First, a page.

Yah...Yah...And what church do I send my contribution to?

    September 21, 2011 at 9:05 am |
  6. Weak Humans

    Perhaps more people are FINALLY realizing that God won't do for them and that in fact they have to do for themselves. Maybe we are evolving a bit beyond the silly, made up, embarrassing mythologies that once served a purpose in poorly educated, lawless societies but which now have hardly a useful function in modern, law-governed societies.

    Just a thought.

    September 21, 2011 at 9:04 am |
  7. The Dude

    [youtube=https://www.youtube.com/watch?v=Pz38P24jHBc&w=640&h=360]

    September 21, 2011 at 9:02 am |
  8. The Dude

    [youtube=https://www.youtube.com/watch?v=Pz38P24jHBc&w=640&h=360]

    Some good news finally. People are starting to free their minds from the poison that is Religion.

    September 21, 2011 at 9:02 am |
    • Ryan Shells

      Religion is toxin for many, because many do not preach true gospel. There are so many flavors of religion, that one could go in almost any direction if undecided. So what is truth, what can be trusted? Well, for starters we know that we are here on earth alive. We know that so far, there has been no sign of life on any other planet. We seem to be alone in the universe. We know that our world has a logical order and balance – night and day, constant seasons, viable ecosystem, diverse varities of life. So how is it that we can't find any signs of life on any other planet? That is the place to start when we discuss truth. I believe that God created the universe, and everything in it, and made our earth the center of his universe. I believe that the Bible, in its original text, is the sourcebook of knowledge for those seeking to know more about the existence of man, and reconciliation with the Creator. Over the last century there have been many versions of the Bible come out which distort the truth in the Bible. Either the original Hebrew/Greek Bible or the King James version are the most reliable. The United States was founded on religious freedom, so we must not take that right for granted. If we turn back to the principles of the Bible, we can restore America.

      September 21, 2011 at 9:16 am |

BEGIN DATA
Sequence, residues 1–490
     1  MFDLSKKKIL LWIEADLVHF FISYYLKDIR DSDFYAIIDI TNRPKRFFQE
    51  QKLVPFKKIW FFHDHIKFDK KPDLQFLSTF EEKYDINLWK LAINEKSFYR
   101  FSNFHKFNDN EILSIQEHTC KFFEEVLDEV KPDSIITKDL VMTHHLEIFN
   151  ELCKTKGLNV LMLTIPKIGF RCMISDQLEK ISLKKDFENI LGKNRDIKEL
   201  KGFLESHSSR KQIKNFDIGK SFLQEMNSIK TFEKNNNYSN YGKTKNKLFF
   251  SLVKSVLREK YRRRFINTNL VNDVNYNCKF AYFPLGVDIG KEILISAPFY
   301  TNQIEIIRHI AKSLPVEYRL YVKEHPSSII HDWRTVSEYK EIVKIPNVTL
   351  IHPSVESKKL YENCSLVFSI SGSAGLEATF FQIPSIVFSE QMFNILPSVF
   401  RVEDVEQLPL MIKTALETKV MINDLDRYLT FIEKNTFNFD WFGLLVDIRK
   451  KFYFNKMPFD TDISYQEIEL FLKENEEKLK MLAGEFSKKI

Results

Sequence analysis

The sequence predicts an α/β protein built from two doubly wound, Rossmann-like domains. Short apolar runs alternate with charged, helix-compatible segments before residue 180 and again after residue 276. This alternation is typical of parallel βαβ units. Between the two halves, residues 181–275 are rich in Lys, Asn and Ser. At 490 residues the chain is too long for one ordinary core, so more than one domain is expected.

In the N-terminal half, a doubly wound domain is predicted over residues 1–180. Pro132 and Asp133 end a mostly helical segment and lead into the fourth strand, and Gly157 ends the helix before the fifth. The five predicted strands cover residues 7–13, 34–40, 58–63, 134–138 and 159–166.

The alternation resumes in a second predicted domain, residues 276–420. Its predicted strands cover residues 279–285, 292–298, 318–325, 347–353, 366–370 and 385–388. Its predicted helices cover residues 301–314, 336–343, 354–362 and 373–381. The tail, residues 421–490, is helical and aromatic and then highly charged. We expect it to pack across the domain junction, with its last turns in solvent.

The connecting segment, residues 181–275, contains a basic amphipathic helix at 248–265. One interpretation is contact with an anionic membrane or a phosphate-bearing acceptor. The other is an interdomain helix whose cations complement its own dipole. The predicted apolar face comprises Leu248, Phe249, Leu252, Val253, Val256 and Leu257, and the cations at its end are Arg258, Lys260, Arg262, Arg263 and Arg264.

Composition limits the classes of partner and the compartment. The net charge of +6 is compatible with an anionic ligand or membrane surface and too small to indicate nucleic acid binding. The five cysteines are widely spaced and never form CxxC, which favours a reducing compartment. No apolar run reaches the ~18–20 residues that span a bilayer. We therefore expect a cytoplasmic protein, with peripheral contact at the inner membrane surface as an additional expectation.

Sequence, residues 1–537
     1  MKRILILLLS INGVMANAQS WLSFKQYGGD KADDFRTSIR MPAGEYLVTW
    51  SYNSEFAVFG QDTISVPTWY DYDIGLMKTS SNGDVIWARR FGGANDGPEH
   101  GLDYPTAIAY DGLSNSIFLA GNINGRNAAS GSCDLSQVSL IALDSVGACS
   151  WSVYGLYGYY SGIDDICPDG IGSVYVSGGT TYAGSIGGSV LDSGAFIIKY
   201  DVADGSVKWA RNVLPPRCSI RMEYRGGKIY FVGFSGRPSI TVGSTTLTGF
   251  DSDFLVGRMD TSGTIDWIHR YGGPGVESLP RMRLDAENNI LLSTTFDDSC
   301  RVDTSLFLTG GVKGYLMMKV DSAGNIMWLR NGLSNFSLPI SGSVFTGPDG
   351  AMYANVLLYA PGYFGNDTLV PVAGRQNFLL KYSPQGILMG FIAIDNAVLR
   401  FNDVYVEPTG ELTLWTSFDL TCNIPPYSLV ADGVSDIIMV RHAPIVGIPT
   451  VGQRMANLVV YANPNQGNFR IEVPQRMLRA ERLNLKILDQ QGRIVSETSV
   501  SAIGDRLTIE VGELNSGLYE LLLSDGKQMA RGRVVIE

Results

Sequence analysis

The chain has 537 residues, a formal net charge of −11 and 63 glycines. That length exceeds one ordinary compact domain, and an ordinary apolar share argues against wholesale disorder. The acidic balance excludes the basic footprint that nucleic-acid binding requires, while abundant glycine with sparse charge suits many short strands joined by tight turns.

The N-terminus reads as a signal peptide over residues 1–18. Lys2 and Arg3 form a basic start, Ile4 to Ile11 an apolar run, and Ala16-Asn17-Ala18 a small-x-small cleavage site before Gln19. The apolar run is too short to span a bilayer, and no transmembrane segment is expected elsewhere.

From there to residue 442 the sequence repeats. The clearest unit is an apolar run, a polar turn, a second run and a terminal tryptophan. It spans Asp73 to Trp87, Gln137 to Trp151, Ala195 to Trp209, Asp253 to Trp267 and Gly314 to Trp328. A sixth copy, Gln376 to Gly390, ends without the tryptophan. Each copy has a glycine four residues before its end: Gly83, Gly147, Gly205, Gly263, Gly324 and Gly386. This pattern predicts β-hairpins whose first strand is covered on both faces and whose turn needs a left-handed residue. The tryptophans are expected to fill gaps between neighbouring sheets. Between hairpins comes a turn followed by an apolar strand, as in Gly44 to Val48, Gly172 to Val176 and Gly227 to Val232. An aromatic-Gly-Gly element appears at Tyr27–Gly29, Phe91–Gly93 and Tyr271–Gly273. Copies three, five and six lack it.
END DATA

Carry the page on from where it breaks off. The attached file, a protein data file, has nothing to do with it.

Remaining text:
• The Dude

      Their is no "True" gospel.

      You are following some one elses delusion.

      Find your own delusion and keep it to yourself. At least that is something I could respect because it would involve you thinking for yourself.

      September 21, 2011 at 9:21 am |
  9. grist

    We are becoming a less religious country.My kids tell me that in their high school, about half the kids are agnostic or athiestic. More and more they see science as the way. This is very good news. We have to start using science to make decisions in our society or we are doomed. That we still debate whether evolution should be taught in schools in 2011 is sad.

    September 21, 2011 at 9:00 am |
    • Dak

      How is scientism or the belive in science any better than religion (based on your view)? Most of science is based on THEORIES not absolute truth. Most science advocates treat science as the absolute truth

      September 21, 2011 at 9:15 am |
    • Dak

      made a typo – belief

      September 21, 2011 at 9:16 am |
    • Ryan Shells

      We can see very clearly that evolution did not happen. The major differnces in life forms proves it. If every form of life looked similar to one another, you would have evidence to support that theory. But life forms are very contrasting – take for instance the crocadile and the butterfly, the Elephant and the mouse, a human and a squid. Only a creator could have assigned such vast differences that still exist today. Evolution should be thrown out of the classroom. Creation is the only viable truth.

      September 21, 2011 at 9:21 am |
    • rufud

      science and religion are not mutually exclusive.

      September 21, 2011 at 9:21 am |
    • MarkinFL

      DAK, what are you talking about? Science is just a method. Its a way of looking at the world without the veil of superst.ition. That's it, nothing more. Science has pretty much given us every modern technology we use today. From farming methods to travel, to building materials. Religion has produced.????... A few positive things for some individuals I'm sure. But it has also produced wars, terrorism and intolerance to people who are different from them (religion, orientation, etc.)

      On the whole, I'll take science based reality, thank you.

      September 21, 2011 at 9:24 am |
    • MarkinFL

      Ryan, do you even have a high school education? Your argument is completely meaningless, did you read that in some kind of religious tract or something?

      September 21, 2011 at 9:26 am |